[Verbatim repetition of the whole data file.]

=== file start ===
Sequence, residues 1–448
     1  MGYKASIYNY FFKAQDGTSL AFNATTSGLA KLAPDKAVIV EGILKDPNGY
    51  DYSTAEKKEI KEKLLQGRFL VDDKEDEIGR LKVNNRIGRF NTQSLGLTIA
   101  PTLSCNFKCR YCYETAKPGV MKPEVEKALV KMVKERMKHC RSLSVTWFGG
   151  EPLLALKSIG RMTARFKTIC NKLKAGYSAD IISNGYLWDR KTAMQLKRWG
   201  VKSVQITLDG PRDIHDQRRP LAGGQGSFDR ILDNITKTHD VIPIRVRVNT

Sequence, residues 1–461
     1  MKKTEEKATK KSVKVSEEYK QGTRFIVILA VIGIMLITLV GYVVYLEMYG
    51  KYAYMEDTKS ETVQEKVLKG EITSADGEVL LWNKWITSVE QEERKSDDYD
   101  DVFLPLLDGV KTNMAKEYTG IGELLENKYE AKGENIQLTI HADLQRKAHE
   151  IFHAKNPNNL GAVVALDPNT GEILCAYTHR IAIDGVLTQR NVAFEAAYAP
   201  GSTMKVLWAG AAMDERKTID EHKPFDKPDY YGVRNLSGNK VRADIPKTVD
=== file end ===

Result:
Sequence, residues 1–448
     1  MGYKASIYNY FFKAQDGTSL AFNATTSGLA KLAPDKAVIV EGILKDPNGY
    51  DYSTAEKKEI KEKLLQGRFL VDDKEDEIGR LKVNNRIGRF NTQSLGLTIA
   101  PTLSCNFKCR YCYETAKPGV MKPEVEKALV KMVKERMKHC RSLSVTWFGG
   151  EPLLALKSIG RMTARFKTIC NKLKAGYSAD IISNGYLWDR KTAMQLKRWG
   201  VKSVQITLDG PRDIHDQRRP LAGGQGSFDR ILDNITKTHD VIPIRVRVNT

Sequence, residues 1–461
     1  MKKTEEKATK KSVKVSEEYK QGTRFIVILA VIGIMLITLV GYVVYLEMYG
    51  KYAYMEDTKS ETVQEKVLKG EITSADGEVL LWNKWITSVE QEERKSDDYD
   101  DVFLPLLDGV KTNMAKEYTG IGELLENKYE AKGENIQLTI HADLQRKAHE
   151  IFHAKNPNNL GAVVALDPNT GEILCAYTHR IAIDGVLTQR NVAFEAAYAP
   201  GSTMKVLWAG AAMDERKTID EHKPFDKPDY YGVRNLSGNK VRADIPKTVD